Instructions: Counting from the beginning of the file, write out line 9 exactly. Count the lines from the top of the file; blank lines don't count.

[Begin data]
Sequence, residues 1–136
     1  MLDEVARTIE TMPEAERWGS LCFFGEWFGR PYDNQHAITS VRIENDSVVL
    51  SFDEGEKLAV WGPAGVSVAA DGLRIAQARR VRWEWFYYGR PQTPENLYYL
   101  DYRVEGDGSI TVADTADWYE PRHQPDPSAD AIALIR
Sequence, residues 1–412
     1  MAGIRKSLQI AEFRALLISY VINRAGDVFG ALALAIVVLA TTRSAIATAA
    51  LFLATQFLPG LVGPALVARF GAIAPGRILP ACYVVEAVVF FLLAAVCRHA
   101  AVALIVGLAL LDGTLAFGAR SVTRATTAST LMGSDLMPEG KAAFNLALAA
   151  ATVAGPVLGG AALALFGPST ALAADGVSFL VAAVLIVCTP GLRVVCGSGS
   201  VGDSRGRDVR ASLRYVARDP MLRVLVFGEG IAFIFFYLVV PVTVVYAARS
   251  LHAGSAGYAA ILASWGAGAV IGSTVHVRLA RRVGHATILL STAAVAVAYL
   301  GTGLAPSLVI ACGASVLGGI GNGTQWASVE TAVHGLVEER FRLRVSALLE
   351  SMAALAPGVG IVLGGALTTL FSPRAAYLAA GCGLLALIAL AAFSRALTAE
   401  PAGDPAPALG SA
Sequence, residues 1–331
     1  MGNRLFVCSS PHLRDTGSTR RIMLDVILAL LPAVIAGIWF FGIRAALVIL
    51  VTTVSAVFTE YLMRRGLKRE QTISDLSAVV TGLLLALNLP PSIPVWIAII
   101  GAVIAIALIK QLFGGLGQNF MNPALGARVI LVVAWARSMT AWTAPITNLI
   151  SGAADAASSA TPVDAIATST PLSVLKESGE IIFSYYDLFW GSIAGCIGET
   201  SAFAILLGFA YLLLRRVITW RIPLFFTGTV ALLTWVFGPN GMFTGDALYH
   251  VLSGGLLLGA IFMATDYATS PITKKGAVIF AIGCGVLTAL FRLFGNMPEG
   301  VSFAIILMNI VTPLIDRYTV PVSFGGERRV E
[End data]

   151  ATVAGPVLGG AALALFGPST ALAADGVSFL VAAVLIVCTP GLRVVCGSGS